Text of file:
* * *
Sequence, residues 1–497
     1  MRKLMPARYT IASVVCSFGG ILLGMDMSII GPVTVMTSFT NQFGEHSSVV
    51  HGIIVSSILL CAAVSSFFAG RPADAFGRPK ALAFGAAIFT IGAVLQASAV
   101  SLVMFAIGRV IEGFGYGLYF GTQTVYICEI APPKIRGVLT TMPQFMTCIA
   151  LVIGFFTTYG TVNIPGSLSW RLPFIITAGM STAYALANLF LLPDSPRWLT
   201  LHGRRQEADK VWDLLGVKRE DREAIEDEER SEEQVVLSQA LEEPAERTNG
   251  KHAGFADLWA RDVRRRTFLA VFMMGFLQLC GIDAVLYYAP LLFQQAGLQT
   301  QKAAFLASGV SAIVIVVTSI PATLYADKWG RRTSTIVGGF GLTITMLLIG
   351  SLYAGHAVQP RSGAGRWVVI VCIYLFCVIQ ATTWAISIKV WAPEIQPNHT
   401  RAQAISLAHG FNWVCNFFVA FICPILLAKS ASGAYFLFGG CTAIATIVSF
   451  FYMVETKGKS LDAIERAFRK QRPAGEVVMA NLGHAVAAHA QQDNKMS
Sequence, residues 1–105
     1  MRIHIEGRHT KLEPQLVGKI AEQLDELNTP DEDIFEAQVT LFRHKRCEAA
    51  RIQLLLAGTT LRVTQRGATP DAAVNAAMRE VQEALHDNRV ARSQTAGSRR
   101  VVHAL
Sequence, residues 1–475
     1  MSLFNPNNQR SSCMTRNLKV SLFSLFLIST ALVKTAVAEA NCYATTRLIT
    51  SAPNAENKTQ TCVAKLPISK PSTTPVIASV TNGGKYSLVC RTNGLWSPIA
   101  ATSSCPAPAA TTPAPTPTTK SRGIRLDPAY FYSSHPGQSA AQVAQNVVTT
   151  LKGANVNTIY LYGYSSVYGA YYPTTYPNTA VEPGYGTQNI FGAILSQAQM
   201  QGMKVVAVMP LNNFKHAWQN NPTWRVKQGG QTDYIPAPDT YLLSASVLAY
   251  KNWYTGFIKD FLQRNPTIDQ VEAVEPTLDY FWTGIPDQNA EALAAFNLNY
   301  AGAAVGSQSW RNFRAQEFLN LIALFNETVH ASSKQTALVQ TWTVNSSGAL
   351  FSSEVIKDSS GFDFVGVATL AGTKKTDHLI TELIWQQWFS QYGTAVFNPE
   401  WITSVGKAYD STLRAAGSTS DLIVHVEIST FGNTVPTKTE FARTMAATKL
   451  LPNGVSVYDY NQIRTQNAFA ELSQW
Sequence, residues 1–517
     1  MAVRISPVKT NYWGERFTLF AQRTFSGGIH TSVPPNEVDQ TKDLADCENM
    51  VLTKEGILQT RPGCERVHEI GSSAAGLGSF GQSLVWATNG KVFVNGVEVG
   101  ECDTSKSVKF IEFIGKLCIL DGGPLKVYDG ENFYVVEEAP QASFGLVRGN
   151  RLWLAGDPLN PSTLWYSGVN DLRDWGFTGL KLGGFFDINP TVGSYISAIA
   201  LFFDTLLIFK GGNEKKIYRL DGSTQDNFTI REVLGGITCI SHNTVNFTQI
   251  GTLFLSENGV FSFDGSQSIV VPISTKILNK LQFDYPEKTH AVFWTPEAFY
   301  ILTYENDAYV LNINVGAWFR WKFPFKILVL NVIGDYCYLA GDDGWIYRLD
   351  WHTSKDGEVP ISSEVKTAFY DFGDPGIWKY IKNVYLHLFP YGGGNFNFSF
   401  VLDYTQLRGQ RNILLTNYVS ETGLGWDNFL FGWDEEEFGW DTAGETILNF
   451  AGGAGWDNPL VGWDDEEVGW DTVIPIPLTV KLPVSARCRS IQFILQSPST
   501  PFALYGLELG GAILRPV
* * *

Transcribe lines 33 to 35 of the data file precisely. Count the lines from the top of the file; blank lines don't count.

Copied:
   251  GTLFLSENGV FSFDGSQSIV VPISTKILNK LQFDYPEKTH AVFWTPEAFY
   301  ILTYENDAYV LNINVGAWFR WKFPFKILVL NVIGDYCYLA GDDGWIYRLD
   351  WHTSKDGEVP ISSEVKTAFY DFGDPGIWKY IKNVYLHLFP YGGGNFNFSF